echo $book->title;
}

Method related() method accepts full join description passed as two arguments or as one argument joined by dot. The first argument is the target table, the second is the target column.

$author->related('book.translator_id');
// same as
$author->related('book', 'translator_id');

You can use Nette Database Explorer heuristics based on foreign keys and provide only key argument. Key will be matched against all foreign keys pointing into the current table (author table). If there is a match, Nette Database Explorer will use this foreign key, otherwise it will throw Nette\InvalidArgumentException or AmbiguousReferenceKeyException. You can find more about the key matching logic in Joining expressions chapter.

Of course you can call related methods for all fetched authors, Nette Database Explorer will again fetch the appropriate books at once.

$authors = $context->table('author');
foreach ($authors as $author) {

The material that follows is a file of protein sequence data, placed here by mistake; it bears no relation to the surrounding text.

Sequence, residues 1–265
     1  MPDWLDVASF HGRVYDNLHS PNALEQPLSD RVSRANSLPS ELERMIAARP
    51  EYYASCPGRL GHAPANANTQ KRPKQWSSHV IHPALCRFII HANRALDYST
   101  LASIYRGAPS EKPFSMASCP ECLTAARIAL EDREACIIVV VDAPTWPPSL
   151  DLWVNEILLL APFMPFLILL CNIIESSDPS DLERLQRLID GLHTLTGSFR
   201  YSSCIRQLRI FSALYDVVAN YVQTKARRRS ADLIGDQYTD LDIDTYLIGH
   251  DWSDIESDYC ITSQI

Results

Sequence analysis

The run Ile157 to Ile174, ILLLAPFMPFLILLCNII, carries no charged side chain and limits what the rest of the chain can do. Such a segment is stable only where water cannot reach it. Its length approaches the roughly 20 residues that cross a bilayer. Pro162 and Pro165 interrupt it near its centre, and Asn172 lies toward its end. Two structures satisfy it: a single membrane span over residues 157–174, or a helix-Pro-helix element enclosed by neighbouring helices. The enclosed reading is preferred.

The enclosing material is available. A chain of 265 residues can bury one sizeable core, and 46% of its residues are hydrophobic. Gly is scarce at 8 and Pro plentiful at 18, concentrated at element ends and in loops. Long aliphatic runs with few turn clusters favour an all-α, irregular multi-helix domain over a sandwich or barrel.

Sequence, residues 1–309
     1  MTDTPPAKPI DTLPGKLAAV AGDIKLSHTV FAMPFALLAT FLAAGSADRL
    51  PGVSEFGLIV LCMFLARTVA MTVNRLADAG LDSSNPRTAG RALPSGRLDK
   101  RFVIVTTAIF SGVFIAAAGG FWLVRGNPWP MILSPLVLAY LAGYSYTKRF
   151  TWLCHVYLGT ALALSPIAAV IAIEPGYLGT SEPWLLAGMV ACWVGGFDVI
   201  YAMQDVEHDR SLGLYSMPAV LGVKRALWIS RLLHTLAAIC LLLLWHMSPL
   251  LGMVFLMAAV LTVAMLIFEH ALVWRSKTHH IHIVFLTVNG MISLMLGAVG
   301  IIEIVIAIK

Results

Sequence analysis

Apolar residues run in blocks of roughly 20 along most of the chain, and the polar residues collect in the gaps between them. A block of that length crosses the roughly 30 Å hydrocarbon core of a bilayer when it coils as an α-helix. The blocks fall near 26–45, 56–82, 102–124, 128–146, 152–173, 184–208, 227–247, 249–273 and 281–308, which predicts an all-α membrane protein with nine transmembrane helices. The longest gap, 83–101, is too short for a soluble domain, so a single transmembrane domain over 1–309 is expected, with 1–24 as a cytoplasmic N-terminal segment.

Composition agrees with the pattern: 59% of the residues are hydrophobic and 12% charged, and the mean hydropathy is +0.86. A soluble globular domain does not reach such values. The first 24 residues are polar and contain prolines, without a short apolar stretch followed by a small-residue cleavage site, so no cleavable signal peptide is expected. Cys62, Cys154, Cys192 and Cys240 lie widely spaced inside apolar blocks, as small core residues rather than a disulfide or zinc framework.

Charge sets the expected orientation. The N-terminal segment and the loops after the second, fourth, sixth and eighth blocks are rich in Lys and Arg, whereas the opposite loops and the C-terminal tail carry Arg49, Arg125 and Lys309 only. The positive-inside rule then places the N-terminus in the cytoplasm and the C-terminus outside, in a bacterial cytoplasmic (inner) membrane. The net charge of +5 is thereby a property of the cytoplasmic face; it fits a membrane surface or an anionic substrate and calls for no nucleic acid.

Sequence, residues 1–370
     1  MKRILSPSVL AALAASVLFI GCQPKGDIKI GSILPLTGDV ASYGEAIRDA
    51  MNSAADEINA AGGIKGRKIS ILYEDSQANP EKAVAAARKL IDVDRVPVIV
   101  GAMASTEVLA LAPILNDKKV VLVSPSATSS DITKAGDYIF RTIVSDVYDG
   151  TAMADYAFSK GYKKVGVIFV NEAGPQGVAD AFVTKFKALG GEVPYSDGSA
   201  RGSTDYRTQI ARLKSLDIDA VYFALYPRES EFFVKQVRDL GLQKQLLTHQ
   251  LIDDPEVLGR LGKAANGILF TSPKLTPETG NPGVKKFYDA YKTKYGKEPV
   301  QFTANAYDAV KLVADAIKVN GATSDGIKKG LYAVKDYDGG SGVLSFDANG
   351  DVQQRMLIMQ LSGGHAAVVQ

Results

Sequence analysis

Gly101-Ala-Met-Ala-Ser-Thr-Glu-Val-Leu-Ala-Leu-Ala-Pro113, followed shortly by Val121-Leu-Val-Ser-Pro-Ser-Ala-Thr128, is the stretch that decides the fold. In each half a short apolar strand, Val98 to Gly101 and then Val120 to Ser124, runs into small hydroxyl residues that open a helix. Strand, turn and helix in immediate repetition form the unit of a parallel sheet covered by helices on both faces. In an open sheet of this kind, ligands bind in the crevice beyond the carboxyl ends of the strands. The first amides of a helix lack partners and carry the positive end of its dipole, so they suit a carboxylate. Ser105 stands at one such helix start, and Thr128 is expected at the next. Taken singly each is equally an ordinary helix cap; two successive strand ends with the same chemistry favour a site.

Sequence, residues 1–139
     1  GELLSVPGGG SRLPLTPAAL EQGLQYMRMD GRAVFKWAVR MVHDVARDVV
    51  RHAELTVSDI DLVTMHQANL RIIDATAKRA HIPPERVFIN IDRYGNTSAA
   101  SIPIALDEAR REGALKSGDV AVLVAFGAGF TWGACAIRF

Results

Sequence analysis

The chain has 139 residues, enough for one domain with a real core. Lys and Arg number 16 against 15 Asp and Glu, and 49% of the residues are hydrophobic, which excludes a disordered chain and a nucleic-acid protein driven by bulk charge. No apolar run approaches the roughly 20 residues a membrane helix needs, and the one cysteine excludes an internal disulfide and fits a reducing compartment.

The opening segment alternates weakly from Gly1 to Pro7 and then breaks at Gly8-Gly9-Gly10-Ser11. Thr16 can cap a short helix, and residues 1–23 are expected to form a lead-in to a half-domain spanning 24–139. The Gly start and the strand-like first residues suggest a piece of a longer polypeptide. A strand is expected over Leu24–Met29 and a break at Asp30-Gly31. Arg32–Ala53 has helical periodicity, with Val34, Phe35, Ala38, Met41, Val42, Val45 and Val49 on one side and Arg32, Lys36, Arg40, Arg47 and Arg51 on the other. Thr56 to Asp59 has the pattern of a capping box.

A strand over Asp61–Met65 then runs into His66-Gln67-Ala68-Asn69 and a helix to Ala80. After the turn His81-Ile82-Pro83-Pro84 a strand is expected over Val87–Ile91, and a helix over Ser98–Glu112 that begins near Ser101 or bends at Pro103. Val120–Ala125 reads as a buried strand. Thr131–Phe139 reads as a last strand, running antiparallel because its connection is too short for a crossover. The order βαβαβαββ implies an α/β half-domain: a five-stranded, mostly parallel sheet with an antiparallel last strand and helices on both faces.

echo $author->name . ' has written:';
    foreach ($author->related('book') as $book) {
        $book->title;
    }
}

Example above will run only two queries:

SELECT * FROM `author`;
SELECT * FROM `book` WHERE (`author_id` IN (1, 2, 3)); -- ids of fetched authors

Manual creating Context

If we've created a database connection using the application configuration, we do not have to worry about it. We have created a Nette\Database\Context service that we can pass through the DI.

However, if we use Nette Database Explorer separately, we need to create the Nette\Database\Context instance manually.

// $storage implements Nette\Caching\IStorage:
$storage = new Nette\Caching\FileStorage($tempDir);
$connection = new Nette\Database\Connection($dsn, $user, $password);
$structure = new Nette\Database\Structure($connection, $storage);
$conventions = new Nette\Database\Conventions\DiscoveredConventions($structure);
$context = new Nette\Database\Context($connection, $structure, $conventions, $storage);